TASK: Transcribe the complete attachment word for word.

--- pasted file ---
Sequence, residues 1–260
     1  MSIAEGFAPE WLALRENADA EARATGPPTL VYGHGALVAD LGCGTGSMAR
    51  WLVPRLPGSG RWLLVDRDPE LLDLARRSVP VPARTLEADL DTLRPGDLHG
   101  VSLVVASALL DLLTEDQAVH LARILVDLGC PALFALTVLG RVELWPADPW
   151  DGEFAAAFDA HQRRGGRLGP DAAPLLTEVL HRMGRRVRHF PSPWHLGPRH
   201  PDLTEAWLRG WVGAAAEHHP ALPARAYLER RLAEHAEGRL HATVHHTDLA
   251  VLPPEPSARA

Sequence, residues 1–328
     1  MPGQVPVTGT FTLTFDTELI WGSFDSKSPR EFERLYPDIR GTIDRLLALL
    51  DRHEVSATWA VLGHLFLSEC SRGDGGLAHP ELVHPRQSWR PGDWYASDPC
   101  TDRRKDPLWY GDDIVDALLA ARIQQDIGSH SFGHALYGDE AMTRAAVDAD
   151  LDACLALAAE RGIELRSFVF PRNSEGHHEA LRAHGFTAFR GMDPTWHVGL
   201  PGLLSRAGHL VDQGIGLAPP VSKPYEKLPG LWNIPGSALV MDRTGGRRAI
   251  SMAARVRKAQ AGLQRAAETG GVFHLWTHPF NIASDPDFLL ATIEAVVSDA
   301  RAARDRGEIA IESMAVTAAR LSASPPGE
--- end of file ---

Sequence, residues 1–260
     1  MSIAEGFAPE WLALRENADA EARATGPPTL VYGHGALVAD LGCGTGSMAR
    51  WLVPRLPGSG RWLLVDRDPE LLDLARRSVP VPARTLEADL DTLRPGDLHG
   101  VSLVVASALL DLLTEDQAVH LARILVDLGC PALFALTVLG RVELWPADPW
   151  DGEFAAAFDA HQRRGGRLGP DAAPLLTEVL HRMGRRVRHF PSPWHLGPRH
   201  PDLTEAWLRG WVGAAAEHHP ALPARAYLER RLAEHAEGRL HATVHHTDLA
   251  VLPPEPSARA

Sequence, residues 1–328
     1  MPGQVPVTGT FTLTFDTELI WGSFDSKSPR EFERLYPDIR GTIDRLLALL
    51  DRHEVSATWA VLGHLFLSEC SRGDGGLAHP ELVHPRQSWR PGDWYASDPC
   101  TDRRKDPLWY GDDIVDALLA ARIQQDIGSH SFGHALYGDE AMTRAAVDAD
   151  LDACLALAAE RGIELRSFVF PRNSEGHHEA LRAHGFTAFR GMDPTWHVGL
   201  PGLLSRAGHL VDQGIGLAPP VSKPYEKLPG LWNIPGSALV MDRTGGRRAI
   251  SMAARVRKAQ AGLQRAAETG GVFHLWTHPF NIASDPDFLL ATIEAVVSDA
   301  RAARDRGEIA IESMAVTAAR LSASPPGE